CarlyO is offline   Reply With Quote
One User Says Thank You to CarlyO For This Useful Post:
Thank You (01-27-2009)
Unread 01-11-2009, 03:41 PM   #9
jerryg
Moderator
 
Posts: 525
Default

In my clinical experience an important insight offered to me was that addiction must be treated as a disease. In my human/ social experience it is all about the behaviors.
So somewhere in between is where we struggle.
It is a disease of behaviors and beliefs. Addiction is unique in that to "recover" from this disease one must transform their thinking. It is paradoxical in that strictly physical disease may be treated by giving a medication/ chemical to reduce the stress of the symptoms and allow the body to heal, with addiction it involves the removal of a chemical, so to speak, to allow the body to heal (I am not including medications that help to cope with urges and cravings and other early recovery side effects).

Drug and alcohol use clearly affects the brain as any other organ, but we don't engage life using a direct awareness of brain chemistry. We engage life through relationships beliefs and metaphor. Perceptions, meaning and values.
Keep in mind, none of this is of hard and fast rules and must be taken in a case by case basis.

Any treatment must be undertaken with clear eyed compassion in our efforts, with the right mix of detachment and dignity.
We must avoid brutalizing the addict, and yet, not put up with the destructive behaviors.
The pain of early recovery is that the person has changed behavior, staying sober, without sufficiently changing their belief system. That change comes as life issues are resolved, in therapy and reestablishing relationships. And when was the last any of us have had our belief system challenged at any level, not just around addiction? It's pretty upsetting isn't it? And not readily done.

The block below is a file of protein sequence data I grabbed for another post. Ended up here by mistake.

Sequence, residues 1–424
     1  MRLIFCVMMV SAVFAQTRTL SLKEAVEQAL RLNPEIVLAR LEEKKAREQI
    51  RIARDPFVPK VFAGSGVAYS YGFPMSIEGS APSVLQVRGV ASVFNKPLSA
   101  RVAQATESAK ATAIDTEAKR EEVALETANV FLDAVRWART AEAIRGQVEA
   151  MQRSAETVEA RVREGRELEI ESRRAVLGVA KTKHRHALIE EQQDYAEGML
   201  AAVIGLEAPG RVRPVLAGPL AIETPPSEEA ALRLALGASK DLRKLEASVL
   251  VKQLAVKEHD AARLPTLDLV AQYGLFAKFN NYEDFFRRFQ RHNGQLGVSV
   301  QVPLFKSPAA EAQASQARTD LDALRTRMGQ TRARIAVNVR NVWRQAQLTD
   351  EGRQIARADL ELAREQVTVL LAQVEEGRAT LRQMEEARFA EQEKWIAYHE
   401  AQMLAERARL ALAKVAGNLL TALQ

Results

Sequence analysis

When you make that connection you begin to develop empathy.

That's my two cents on this eternally on going debate. And it should always be ongoing. Life and being human is way too complex.

Jerry
__________________
Important disclaimer: Any information in this post is not and does not constitute medical advice under any circumstances. Addiction Survivors, Inc. does not warranty or guarantee the accurateness, completeness, adequacy or currency of the information contained in or linked to the Site. Your use of information on the Site or materials linked to the Site is entirely at your own risk. NEVER take any online advice over that of a qualified healthcare provider. Any information contained on AddictionSurvivors.org should only serve to inspire further investigation with credible, verifiable references sources such as your physician or therapist.
jerryg is offline   Reply With Quote
2 Users Say Thank You to jerryg For This Useful Post:
Thank You (01-12-2009), Thank You (01-27-2009)
Unread 01-24-2009, 02:42 AM   #10
HMC
Junior Member
 
Posts: 2
Default Volition intact?

Here's my question- where in the disease lies the will? I ask this because
I have to believe that volition remains intact within the alcoholic person at all times.